Submitted by admin on Fri, 13/11/2009 – 09:42

Happisburgh has many fine old buildings of various periods, but is best known architecturally for its magnificent Grade I listed 12th Century church St. Marys and its principal house, Grade II* listed Happisburgh Manor (known locally as St Marys), recognised as one of Englands seminal Arts & Crafts houses. The Church of St. Marys is described in Chapter xx and is thought to be contemporary with the cottage at the heart of the village known as ‘The Monastry’. They were both awarded to Wymondham Abbey in 1101. ‘Thrums’ the little cottage next to ‘The Monastry’ was added in the 18C. Good examples of the use of flint beach pebbles can be seen on The Street at nos xxx xxx xxx, as can some nice plain Georgian brick cottages.

Happisburgh 1st School is a nice example of Victorian Gothic style and dated 1861, with an excellent addition added in 1999.

Other Victorian examples are the Church Rooms on the Street, and the Villas on Beach Road, which were apparently built in anticipation of the coming of the railway in the early part of the 20C. At around this time Happisburgh became a haven for the Arts & Crafts Style, with the building of Happisburgh Manor (known locally as St Marys) by the leading Arts & Crafts architect Detmar Blow for Albemarle Cator. Described in Pevsners ‘Buildings of England’ as “Vernacular Domestic Revival … on the butterfly or X-plan … materials used were flint, pebble, brick, thin tiles and thatch… plenty of tall chimneys”. It is the only fully worked ‘Butterfly Plan’ in the country and used many local features, such as tumbling in, and raised gable ends to protect the thatch from the strong coastal winds. Blow also as part of the scheme for Happisburgh Manor built St Annes and St Johns and a very attractive stable block (now converted to residential) to service the main house. The Pightle on The Street by xxxxx? was also built around this time in a similar style.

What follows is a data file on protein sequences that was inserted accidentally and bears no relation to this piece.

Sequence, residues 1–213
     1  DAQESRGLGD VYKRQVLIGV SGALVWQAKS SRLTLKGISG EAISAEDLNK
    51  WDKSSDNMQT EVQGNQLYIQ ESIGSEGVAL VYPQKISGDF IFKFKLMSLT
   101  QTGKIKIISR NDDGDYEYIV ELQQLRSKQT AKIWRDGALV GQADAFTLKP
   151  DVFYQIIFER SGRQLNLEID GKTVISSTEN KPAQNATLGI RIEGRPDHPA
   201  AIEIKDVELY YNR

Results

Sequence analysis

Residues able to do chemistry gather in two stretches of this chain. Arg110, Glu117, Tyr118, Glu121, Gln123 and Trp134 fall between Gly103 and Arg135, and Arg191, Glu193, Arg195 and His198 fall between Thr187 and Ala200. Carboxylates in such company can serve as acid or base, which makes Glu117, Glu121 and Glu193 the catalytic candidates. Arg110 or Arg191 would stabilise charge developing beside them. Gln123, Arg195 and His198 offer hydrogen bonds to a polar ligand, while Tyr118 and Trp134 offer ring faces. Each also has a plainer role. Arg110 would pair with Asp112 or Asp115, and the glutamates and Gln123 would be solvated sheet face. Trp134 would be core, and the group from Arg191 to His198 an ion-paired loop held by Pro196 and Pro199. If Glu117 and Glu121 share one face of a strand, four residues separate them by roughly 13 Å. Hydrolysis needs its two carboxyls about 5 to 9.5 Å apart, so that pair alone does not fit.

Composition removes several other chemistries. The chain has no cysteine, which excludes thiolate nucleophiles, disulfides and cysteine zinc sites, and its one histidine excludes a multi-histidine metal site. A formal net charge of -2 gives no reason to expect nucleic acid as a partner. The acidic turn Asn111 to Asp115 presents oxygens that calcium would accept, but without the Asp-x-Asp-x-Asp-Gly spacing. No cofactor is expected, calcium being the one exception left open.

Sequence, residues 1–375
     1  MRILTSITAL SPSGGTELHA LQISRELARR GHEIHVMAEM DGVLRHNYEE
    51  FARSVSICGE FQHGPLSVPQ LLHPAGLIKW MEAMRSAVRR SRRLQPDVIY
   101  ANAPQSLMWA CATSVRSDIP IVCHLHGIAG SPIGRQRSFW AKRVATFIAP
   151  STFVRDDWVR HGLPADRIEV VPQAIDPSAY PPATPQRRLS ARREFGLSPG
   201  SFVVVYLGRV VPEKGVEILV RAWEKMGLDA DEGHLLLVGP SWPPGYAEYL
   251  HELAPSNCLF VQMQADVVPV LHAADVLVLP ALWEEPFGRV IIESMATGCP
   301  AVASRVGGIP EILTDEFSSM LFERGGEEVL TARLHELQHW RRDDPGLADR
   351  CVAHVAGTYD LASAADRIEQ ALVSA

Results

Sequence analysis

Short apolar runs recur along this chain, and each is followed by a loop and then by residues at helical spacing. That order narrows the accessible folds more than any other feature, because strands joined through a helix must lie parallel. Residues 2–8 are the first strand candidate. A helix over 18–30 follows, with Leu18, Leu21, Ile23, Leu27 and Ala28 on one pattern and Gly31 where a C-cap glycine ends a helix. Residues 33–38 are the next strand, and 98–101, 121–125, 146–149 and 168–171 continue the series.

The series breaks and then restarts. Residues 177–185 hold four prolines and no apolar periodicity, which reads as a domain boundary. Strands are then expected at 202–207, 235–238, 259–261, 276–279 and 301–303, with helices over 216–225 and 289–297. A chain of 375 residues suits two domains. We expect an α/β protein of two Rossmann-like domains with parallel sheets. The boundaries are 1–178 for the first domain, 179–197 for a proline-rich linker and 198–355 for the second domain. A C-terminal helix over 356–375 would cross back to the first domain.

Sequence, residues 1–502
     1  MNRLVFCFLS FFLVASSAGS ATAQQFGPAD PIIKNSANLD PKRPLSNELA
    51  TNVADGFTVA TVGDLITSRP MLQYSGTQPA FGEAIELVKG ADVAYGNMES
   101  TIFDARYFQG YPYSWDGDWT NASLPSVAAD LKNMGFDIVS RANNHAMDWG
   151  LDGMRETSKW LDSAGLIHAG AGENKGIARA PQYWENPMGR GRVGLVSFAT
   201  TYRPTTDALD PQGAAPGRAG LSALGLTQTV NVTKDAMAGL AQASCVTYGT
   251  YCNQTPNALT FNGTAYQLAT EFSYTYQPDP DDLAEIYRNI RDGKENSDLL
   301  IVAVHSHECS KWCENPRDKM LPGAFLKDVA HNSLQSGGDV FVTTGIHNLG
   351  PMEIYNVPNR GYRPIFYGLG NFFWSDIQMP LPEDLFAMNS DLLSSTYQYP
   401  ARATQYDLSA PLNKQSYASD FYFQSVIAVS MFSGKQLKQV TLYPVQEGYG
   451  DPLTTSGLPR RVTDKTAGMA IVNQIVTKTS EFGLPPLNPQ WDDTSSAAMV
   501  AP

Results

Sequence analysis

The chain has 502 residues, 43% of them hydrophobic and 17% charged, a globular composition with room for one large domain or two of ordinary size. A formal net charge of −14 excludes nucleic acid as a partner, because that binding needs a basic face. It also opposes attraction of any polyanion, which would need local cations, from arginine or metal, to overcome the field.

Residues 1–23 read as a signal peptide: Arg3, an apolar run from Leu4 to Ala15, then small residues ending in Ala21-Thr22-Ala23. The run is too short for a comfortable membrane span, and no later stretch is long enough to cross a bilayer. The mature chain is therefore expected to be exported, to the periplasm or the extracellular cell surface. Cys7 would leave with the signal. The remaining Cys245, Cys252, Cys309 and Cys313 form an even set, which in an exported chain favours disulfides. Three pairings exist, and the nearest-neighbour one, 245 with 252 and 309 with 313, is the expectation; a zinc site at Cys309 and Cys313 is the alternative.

C E Mallows was another leading national architect and landscape designer of this period who also did work in Happisburgh, including a scheme for the renovation of a farm house and a major design brief for a ‘seaside village of quality’ in the area from the church toward Walcot. These were featured in Studio publications of the period.(see illustrations). Had this extension to the village been built it would have made a huge difference to the consequential history of Happisburgh.